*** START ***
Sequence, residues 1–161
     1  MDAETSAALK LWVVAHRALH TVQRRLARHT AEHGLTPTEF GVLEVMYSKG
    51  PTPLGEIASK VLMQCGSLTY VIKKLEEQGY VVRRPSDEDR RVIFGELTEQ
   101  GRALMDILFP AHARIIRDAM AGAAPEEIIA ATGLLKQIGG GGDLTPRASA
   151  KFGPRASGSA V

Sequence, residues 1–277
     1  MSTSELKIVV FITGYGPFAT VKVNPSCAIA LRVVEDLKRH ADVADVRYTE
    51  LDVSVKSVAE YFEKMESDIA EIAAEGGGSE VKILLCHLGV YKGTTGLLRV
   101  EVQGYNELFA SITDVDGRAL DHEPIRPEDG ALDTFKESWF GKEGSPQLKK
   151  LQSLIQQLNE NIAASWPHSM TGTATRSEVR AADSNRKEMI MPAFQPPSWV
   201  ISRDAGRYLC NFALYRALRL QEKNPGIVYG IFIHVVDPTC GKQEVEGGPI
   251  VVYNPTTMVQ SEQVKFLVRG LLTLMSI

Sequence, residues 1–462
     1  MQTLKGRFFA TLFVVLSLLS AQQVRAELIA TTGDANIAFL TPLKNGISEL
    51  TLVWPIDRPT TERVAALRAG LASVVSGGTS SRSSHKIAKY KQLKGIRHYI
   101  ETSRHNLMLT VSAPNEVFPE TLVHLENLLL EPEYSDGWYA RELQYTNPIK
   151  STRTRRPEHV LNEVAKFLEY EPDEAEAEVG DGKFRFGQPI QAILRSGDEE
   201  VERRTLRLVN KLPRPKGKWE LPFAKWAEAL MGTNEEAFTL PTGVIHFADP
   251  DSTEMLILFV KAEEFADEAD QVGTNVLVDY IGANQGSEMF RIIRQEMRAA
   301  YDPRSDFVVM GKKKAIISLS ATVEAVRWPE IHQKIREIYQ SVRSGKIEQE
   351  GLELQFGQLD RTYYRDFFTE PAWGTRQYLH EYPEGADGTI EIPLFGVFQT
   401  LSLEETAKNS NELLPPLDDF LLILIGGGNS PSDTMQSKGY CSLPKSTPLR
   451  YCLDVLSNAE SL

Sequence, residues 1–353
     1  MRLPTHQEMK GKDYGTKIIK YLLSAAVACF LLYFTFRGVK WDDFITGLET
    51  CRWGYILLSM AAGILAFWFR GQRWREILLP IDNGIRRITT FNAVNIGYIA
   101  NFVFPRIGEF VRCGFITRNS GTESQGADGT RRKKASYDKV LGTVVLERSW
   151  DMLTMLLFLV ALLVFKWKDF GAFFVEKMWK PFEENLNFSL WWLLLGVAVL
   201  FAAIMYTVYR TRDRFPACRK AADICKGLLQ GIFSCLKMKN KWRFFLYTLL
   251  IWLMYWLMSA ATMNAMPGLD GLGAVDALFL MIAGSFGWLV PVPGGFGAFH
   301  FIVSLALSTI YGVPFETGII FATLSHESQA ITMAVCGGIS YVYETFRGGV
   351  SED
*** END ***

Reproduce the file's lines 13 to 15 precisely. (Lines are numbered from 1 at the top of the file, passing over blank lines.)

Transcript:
Sequence, residues 1–462
     1  MQTLKGRFFA TLFVVLSLLS AQQVRAELIA TTGDANIAFL TPLKNGISEL
    51  TLVWPIDRPT TERVAALRAG LASVVSGGTS SRSSHKIAKY KQLKGIRHYI